Why the emphasis on the alleged job-killing nature of regulation? “The dialogue between ‘jobs’ and ‘regulation’ is endless and repetitive, and in almost every instance, the claims by industry that new, more protective regulations would result in job losses and harm competitiveness have turned out to be dramatically overstated.” [Guardian] If the historical claims have been overblown, then why the perpetual hue and cry from conservatives?

The answer is that the American Petroleum Institute, the major oil companies, and the major chemical manufacturers would very much like to be free of government oversight and regulation.

This issue isn’t about our communities being free of air pollution, or the statistics concerning the incidence of childhood asthma declining in our cities and towns.  It isn’t about clean drinking water coming out of our taps, and the proper disposal and treatment of waste water.  It’s about the license given to major corporations to cut corners and save expenses in their production and manufacturing processes — again, in the short term.  The Republicans may bemoan the regulation of dry cleaning fluid disposal, but their bottom line corresponds more definitively with corporate quarterly earnings reports.

Lower taxes cure everything. Almost.  There’s a major exception to the general Republican rule.  It seems perfectly acceptable to allow increases in payroll taxes (those paid by most American workers) but not acceptable to raise taxes on millionaires and billionaires.  The Bush Administration tax cuts in 2001 and 2003 are demonstrably beneficial predominantly to those in the highest income brackets, yet the Republicans have strenuously objected to allowing these cuts to expire.

Republican arguments are framed as “taking your hard earned money out of your pocket to give to someone else,” but it appears to be quite acceptable to them that our pockets are picked while the millionaires and billionaires secure their wallets.   Lost in the deluge of rhetoric is the answer to a rather simple question — If lower rates of taxation are the panacea for everything that ails us, why when we have the lowest rates since the Eisenhower Administration are we not awash in jobs?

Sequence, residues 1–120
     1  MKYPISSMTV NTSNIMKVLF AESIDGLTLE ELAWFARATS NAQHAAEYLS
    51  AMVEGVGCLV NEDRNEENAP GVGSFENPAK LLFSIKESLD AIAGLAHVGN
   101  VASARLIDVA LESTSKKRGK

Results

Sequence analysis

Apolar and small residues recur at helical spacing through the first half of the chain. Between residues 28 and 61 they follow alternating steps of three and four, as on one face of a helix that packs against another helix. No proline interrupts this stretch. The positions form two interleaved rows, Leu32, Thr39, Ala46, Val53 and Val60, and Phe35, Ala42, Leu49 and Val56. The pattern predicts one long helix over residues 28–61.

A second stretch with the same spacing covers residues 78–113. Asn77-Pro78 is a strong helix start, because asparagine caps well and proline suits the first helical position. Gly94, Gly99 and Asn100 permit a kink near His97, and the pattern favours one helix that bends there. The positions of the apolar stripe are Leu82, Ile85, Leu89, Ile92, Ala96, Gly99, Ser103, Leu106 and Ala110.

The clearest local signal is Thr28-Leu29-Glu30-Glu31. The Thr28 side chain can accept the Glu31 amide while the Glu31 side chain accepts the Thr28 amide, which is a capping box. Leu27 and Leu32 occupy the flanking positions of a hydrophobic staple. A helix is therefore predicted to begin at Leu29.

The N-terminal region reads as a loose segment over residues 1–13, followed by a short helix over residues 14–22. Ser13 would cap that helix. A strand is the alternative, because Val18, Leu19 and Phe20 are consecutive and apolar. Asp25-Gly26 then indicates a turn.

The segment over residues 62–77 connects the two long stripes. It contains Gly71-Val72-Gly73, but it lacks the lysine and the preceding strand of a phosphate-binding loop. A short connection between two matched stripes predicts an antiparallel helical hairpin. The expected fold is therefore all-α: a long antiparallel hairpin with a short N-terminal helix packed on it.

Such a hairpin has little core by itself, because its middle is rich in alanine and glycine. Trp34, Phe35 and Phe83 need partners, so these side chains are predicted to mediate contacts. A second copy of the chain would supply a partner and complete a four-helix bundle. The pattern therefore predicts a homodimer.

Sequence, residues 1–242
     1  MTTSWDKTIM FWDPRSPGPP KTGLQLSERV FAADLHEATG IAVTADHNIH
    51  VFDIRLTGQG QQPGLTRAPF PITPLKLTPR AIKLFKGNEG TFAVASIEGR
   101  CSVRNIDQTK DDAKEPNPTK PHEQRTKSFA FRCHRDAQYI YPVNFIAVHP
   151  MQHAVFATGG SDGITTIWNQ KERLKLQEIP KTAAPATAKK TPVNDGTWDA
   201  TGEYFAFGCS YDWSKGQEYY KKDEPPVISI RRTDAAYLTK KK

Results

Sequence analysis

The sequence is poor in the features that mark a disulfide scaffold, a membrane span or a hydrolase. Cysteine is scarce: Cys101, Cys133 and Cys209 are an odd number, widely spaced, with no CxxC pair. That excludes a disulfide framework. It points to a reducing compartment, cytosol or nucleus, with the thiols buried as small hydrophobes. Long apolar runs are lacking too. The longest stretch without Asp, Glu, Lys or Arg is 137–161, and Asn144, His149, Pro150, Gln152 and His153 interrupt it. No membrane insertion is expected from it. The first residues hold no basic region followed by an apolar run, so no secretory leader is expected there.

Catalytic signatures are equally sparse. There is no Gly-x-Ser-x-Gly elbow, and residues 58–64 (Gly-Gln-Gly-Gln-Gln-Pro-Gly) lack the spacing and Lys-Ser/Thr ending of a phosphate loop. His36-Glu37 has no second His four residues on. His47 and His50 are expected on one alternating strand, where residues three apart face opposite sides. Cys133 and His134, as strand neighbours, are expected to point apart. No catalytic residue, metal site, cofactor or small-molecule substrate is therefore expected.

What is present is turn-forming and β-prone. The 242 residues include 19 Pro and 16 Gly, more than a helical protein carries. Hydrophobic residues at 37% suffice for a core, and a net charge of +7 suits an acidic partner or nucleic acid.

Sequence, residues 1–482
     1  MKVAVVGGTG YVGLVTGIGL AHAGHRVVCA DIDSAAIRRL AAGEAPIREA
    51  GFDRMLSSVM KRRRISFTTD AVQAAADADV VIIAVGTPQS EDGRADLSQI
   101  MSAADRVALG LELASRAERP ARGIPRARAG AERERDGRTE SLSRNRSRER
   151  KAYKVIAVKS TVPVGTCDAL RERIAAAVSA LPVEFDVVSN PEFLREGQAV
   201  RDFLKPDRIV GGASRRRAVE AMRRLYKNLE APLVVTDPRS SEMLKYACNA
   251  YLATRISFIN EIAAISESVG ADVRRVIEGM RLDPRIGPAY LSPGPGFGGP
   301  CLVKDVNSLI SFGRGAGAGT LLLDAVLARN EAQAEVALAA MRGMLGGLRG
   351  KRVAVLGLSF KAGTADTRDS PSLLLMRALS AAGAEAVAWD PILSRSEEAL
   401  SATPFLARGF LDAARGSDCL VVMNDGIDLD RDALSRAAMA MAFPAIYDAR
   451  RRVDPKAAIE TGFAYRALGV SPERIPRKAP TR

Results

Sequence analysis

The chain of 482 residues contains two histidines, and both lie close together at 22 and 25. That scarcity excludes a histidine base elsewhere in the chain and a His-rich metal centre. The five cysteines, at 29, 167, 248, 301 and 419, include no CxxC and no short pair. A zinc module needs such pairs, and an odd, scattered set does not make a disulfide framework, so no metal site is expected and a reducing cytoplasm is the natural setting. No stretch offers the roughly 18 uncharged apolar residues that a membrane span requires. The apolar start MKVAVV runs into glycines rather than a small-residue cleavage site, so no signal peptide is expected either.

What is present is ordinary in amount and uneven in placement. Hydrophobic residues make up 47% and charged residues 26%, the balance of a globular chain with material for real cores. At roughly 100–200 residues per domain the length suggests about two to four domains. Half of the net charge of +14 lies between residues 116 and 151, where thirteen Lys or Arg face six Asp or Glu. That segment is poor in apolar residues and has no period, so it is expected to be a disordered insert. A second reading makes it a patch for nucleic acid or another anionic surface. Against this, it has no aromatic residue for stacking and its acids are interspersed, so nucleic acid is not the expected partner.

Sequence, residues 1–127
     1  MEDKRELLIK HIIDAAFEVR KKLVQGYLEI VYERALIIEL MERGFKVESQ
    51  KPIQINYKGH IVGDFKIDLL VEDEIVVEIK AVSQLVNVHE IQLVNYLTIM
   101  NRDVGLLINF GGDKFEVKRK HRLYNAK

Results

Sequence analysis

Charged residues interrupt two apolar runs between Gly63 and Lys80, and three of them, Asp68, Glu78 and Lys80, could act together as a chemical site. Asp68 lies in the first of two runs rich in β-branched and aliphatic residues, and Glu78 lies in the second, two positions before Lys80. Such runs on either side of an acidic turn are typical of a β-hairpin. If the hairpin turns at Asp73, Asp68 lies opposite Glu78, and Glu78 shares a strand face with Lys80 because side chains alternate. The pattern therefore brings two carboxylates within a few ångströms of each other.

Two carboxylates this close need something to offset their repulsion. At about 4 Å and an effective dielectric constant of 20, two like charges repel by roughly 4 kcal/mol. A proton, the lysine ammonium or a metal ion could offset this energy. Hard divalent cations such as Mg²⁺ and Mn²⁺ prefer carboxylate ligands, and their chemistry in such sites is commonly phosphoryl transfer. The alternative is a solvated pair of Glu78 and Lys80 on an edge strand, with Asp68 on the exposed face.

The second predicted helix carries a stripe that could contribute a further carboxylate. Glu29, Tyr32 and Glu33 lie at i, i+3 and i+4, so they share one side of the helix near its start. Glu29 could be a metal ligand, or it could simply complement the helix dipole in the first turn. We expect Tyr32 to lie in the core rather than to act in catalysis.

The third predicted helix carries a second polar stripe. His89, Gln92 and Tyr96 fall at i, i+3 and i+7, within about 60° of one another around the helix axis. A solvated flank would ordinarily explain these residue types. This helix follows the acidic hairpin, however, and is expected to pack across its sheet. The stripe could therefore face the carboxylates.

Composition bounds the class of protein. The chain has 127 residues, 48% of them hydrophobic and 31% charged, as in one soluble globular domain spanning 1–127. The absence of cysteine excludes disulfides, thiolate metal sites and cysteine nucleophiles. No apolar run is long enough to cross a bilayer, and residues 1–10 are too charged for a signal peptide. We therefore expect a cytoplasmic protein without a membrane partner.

Republicans oppose increasing the taxation rate on carried interest but had difficulty supporting the extension of payroll tax reductions.  This should have been a dead give-away.  It’s not OUR taxes about which they are the most concerned.  WE pay increasing state and local levels of taxation to make up for cuts in federal spending.  WE pay payroll taxes and sales taxes, while the billionaires pay 15% on their hedge fund income.   We are told we can’t have nice things (Social Security, Medicare, a modern infrastructure) because we can’t “afford them.”  The response, of course, is that we could afford them if the billionaire financialists weren’t so firmly implanted in our government.

More freedom — to what?  We’re not “free” to take an affordable family vacation if the national parks have to close down on some days or raise the fees.  We’re not “free” to plan our retirement if we have to consider that the Social Security safety net might be privatized and added to the money Wall Street gets to play with in its casino.  We’re not “free” to shop for comprehensible and honest home loans if mortgage originators are given license to devise products that turn toxic with the first balloon payment.

We aren’t “free” from the impact of toxic waste disposal if the plant or mine upstream has license to dump whatever wherever.  We aren’t “free” to purchase products for our children and infants if we have to do our own chemical analysis to see if they contain toxic contaminants.  We aren’t “free” to make intelligent consumer purchases if we don’t have access to information about basic product safety.

We want the freedom to work. However, that doesn’t mean we want employers to have the license to demand that we labor in unsafe working conditions.  We want our high rise construction workers secure in their environs; we want our chemical workers safe from emissions. We don’t want to watch vigils of miner’s families while they wait for someone to be found alive, or not.

If our recent history is any guide, what we want is a capitalist system which rewards work, inspires entrepreneurship, and secures our futures.  What we could do without is the Financialist myopic vision of short term gains at the expense of long term economic growth, and quick revenue booked in the quarterly earnings reports at the expense of the American dream.

Comments Off on The Very Pat Answer To Every Question: Three Pillars of the Financialist Creed

Filed under consumers, EPA, Taxation

>A Small Matter, but interesting nonetheless: David R. Hill’s nomination to be anything


Yucca Mountain Blues? My, my…that was quick! President Bush sent a missive to the Senate on March 13, 2008 with a list of nominations and withdrawals for ambassadorships and judicial appointments, but one stood out among all the rest – David R. Hill is apparently the President’s choice to fill any EPA position left vacant for any length of time. Since the Senate didn’t act on Hill’s December nomination to fill one position; the President is obviously trying again to get Hill confirmed for another slot in March.

NOMINATIONS SENT TO THE SENATE: [WHPR] David R. Hill, of Missouri, to be an Assistant Administrator of the Environmental Protection Agency, vice Roger Romulus Martella, Jr.

WITHDRAWALS SENT TO THE SENATE: David R. Hill, of Missouri, to be an Assistant Administrator of the Environmental Protection Agency, vice Jeffrey R. Holmstead, resigned, which was sent to the Senate on December 3, 2007.”